The word "induction" could also be intended to have a double meaning, referring also to electromagnetic induction. Pikachu is, after all, and electric pokémon. 141.101.105.194 (talk) *(please sign your comments with ~~~~)*

- Yes, I think this is right. Something about Maxwell's equations and induction. 173.245.54.203 (talk)
*(please sign your comments with ~~~~)*- From an engineering standpoint, in my opinion, Pikachu act more like biological capacitors (stored electric charge at potentially high voltage able to deliver large discharge currents) than inductors ("storing" magnetic energy via constant current, able to deliver high voltage when interrupted, like the ignition coil for an older automotive engine). I'm not too familiar with the Pokémon in-game/in-show universe, but I would imagine the Nurse Jenny corps could use electric Pokémon such as Pikachu (or Raichu) like defibrillators for cardiac events! --BigMal // 173.245.50.177 11:42, 24 April 2015 (UTC)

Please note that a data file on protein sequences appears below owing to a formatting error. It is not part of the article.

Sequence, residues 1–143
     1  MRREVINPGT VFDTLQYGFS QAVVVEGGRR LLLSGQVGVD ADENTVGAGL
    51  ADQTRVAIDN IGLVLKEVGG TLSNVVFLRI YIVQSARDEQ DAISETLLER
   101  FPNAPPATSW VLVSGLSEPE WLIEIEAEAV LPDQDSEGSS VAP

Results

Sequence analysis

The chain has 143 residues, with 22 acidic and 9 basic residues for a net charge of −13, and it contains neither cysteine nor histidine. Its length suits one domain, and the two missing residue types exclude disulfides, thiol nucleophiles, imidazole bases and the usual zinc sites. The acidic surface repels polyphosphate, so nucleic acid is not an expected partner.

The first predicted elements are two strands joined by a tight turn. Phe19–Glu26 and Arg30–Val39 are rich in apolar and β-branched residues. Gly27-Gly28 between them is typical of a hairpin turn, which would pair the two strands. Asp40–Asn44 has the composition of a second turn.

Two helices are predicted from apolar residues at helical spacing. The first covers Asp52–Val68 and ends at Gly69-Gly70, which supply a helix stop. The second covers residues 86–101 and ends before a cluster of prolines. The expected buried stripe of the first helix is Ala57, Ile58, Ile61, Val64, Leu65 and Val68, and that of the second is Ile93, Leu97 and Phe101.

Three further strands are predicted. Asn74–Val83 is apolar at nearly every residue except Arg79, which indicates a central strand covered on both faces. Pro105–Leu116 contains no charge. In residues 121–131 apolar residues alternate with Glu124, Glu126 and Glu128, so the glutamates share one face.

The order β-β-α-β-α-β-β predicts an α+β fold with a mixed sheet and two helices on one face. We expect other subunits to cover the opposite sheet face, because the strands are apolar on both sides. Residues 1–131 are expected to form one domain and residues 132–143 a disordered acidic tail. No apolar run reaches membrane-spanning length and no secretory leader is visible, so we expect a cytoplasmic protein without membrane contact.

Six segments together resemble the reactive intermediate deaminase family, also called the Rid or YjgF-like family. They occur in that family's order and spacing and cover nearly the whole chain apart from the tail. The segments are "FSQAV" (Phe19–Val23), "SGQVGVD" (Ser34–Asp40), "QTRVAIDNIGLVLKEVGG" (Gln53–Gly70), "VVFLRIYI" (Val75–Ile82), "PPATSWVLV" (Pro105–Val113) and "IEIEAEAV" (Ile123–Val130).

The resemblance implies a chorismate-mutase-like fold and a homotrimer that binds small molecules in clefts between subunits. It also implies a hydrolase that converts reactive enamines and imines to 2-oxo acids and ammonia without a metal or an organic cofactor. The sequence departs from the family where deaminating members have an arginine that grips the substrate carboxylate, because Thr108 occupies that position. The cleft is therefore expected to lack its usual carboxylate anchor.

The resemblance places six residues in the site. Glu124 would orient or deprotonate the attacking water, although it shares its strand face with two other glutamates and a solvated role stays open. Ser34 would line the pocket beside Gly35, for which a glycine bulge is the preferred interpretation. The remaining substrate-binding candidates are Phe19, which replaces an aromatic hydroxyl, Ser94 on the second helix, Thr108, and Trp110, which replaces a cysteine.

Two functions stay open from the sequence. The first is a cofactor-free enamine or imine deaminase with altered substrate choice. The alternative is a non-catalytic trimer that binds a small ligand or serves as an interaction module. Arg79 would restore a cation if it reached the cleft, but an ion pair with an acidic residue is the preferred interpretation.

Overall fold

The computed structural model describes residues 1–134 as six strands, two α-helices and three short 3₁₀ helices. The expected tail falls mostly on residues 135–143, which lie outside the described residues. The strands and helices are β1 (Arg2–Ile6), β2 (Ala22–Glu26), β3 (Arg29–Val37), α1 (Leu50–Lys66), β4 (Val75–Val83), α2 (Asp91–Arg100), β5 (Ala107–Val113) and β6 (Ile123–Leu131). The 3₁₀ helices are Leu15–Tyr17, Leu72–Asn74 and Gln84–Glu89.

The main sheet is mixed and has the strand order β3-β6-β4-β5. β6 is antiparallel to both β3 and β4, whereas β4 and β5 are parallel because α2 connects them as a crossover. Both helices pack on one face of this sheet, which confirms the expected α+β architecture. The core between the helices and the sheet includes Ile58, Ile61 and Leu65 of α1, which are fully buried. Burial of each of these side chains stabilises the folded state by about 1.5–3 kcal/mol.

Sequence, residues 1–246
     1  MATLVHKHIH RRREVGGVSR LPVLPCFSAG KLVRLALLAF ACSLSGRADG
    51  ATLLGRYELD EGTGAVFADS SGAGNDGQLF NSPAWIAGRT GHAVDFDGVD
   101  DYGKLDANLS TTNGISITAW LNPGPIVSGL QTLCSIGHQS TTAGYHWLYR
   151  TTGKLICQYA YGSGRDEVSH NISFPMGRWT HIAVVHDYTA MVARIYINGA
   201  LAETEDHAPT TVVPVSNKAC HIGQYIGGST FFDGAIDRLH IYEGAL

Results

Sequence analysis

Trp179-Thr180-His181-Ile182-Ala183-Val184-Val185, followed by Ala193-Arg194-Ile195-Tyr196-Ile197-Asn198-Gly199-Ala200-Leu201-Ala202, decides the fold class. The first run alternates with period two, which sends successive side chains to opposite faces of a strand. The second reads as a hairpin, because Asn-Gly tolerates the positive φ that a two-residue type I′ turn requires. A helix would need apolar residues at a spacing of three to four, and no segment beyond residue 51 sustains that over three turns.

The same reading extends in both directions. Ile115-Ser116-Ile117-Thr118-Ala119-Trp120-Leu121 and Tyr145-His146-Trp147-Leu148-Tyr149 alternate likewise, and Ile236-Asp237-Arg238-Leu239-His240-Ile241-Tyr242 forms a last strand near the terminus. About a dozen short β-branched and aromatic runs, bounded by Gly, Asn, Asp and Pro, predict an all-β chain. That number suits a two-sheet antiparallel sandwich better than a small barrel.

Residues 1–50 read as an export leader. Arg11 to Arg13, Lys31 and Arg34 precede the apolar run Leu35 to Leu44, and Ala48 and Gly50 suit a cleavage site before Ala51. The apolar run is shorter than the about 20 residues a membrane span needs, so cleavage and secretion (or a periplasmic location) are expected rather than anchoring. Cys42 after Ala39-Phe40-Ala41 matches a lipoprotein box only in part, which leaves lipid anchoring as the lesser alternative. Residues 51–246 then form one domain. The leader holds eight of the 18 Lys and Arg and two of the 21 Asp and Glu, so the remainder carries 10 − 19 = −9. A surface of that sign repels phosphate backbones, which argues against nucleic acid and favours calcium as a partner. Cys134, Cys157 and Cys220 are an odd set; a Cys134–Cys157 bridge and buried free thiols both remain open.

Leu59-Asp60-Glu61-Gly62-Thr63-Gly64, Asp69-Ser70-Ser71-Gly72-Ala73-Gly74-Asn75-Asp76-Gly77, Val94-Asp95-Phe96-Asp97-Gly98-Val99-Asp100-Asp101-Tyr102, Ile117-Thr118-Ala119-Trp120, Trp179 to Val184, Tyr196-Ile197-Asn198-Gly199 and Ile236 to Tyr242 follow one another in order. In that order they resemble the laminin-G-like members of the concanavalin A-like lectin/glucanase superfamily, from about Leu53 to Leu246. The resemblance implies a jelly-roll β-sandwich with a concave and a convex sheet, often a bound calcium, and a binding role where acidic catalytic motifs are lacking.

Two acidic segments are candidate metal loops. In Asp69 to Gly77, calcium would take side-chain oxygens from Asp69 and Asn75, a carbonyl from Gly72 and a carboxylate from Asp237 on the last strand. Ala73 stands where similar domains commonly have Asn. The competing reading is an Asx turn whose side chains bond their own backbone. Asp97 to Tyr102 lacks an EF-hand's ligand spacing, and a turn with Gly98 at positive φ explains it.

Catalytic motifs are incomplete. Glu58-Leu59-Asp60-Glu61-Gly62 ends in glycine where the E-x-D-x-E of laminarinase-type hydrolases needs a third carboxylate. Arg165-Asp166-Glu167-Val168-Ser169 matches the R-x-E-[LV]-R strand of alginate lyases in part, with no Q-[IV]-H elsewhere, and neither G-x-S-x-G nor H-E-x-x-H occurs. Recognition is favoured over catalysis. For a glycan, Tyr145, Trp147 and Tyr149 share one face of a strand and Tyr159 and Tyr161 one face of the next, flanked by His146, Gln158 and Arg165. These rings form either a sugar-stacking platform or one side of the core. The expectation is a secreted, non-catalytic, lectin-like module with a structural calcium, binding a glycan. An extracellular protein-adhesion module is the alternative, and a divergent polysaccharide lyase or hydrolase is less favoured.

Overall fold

- There are certain moves, including some that Pikachu can learn, that appear to be based on induction (Thunder Wave and Shock Wave). Besides, they build up charge in their bodies from somewhere; I'd suspect induction from the surrounding environment is what charges them up. --188.114.110.52 14:34, 24 April 2015 (UTC)

- From an engineering standpoint, in my opinion, Pikachu act more like biological capacitors (stored electric charge at potentially high voltage able to deliver large discharge currents) than inductors ("storing" magnetic energy via constant current, able to deliver high voltage when interrupted, like the ignition coil for an older automotive engine). I'm not too familiar with the Pokémon in-game/in-show universe, but I would imagine the Nurse Jenny corps could use electric Pokémon such as Pikachu (or Raichu) like defibrillators for cardiac events! --BigMal // 173.245.50.177 11:42, 24 April 2015 (UTC)